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I fly, ye Nymphs, I fly! tho' Fear affail
The Woman, yet the Lover must prevail.
In Death whai Terrors can deserve my Care?
The Pangs of Death are gentler than Despair.
Ye Winds, and Cupid Thou, to meet my

Your downy Pinions spread! my Weight is small.
Thus rescu'd, to the God of Verse I'll bow,
Hang up my Lute, and thus infcribe
To Phoebus grateful Sappho gave this Lute;
The Gift did both the God and Giver fuit.

my Vow.

But; Phaon, why shou'd I this Toil indure, When thy Return wou'd soon compleat the Cure? Thy Beauty and its balmy Pow'r wou'd be A Phæbus and Leucadian Rock to me. O harder than the Rock to which I

go, And deafer than the Waves that war below!

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Think yet, oh think! shall future Ages tell
That I to Phaon's Scorn a Victim fell?
Or hadst thou rather see this tender Breast
Bruis’d on the Cliff, than close to Phaon's prest?
This Breast! which fill'd with bright Poetick Fire,
You made me once believe did admire:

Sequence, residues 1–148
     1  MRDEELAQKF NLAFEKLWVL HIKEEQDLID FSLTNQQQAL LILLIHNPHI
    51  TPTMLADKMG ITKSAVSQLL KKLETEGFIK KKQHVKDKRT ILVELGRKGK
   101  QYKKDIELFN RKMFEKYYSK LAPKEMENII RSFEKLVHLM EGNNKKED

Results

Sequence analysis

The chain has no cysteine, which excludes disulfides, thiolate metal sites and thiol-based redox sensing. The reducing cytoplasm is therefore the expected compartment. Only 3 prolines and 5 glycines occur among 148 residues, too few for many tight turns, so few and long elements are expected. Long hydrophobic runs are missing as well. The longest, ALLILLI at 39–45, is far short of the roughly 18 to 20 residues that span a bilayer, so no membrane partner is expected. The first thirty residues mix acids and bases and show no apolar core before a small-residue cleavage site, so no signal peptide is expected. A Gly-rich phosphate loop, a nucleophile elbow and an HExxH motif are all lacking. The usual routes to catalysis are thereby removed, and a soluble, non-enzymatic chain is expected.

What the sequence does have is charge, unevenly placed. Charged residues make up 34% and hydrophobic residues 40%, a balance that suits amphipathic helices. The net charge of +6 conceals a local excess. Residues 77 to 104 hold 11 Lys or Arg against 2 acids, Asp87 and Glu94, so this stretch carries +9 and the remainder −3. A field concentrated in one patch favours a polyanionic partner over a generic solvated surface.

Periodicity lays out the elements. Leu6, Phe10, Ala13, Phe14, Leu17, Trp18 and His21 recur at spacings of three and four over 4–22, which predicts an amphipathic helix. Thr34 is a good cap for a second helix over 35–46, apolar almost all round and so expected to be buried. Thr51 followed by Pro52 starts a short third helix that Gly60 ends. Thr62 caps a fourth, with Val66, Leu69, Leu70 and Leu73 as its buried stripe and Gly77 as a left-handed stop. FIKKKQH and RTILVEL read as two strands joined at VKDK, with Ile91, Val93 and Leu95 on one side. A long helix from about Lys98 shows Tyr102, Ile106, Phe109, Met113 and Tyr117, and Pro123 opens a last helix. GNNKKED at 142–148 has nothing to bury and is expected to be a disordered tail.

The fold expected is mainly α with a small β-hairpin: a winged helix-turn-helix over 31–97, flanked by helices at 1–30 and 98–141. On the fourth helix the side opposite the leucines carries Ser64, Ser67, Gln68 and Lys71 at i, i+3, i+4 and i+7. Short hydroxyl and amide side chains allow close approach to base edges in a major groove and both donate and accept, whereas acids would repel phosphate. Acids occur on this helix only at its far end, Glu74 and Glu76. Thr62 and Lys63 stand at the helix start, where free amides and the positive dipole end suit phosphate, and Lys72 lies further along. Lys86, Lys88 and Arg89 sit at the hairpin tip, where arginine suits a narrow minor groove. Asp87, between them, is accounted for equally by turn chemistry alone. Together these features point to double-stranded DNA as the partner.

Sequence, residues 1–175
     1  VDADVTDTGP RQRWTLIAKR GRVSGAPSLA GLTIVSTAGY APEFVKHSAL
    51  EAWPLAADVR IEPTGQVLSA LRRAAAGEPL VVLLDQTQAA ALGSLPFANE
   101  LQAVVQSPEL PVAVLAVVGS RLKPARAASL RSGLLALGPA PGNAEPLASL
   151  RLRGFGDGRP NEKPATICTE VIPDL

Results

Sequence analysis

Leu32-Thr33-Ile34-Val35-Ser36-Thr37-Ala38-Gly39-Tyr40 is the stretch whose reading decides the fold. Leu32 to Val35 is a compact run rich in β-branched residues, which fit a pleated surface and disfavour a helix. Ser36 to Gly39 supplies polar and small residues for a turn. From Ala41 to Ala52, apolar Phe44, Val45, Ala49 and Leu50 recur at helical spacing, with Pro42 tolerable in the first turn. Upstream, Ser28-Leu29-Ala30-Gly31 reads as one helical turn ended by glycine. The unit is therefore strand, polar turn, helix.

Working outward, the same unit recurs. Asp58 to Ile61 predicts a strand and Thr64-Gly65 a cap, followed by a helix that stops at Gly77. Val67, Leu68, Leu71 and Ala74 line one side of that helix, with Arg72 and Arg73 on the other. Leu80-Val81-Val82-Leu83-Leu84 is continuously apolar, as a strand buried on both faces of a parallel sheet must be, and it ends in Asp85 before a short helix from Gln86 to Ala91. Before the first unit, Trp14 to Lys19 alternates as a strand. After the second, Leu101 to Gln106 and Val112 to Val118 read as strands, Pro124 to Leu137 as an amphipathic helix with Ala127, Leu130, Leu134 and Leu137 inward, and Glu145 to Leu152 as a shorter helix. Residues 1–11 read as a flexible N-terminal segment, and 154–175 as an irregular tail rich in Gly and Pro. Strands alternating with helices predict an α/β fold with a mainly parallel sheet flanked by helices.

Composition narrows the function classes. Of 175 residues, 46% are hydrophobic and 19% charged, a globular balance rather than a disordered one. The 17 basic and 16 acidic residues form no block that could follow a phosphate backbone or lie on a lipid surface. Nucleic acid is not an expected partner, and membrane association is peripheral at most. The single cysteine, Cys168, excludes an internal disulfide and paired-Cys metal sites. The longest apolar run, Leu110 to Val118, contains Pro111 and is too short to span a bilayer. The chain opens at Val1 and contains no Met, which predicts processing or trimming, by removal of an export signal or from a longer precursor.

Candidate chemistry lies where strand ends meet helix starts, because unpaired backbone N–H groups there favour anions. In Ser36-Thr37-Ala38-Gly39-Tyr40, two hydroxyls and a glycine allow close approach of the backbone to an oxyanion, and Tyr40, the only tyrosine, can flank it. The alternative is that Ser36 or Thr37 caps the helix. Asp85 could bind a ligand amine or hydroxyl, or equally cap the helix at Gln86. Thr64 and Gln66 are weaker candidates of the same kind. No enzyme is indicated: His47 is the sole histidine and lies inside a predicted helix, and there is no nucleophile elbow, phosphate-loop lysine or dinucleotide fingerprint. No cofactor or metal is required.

O cou'd it now supply me with Address
To plead my Cause, and court thee with Success!
But mighty Woes my Genius quite controul,
And damp the rising Vigour of my Soul:
No more, ye Lesbian Nymphs, desire a Song,
Mute is my Voice, my Lute is all unstrung.
My-Phaon's fled, who made my Fancy shine,
(Ah! yet I scarce forbear to call him-mine.)
Phaon is fled! but bring the Youth again,
Inspiring Ardors will revive my Vein.
But why, alas! this unavailing Pray’r?
Vain are my Vows, and fleet with common Air:


•MyVows the Winds disperse and make their sport, But will not waft him to the Lesbian Port.

Yet if you purpose to return, 'tis wrong
To let your Mistress languish here so long.
Venus for your fair Voyage will compose
The Sea, for from the Sea the Goddess rose:
Cupid, assisted with Propitious Gales,
Will hand the Rudder, and direct the Sails.
But if from Sappho you persist to fly,
She thinks you scarce can give a Reason why.

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Printed for Bernard Lintott. 1712.

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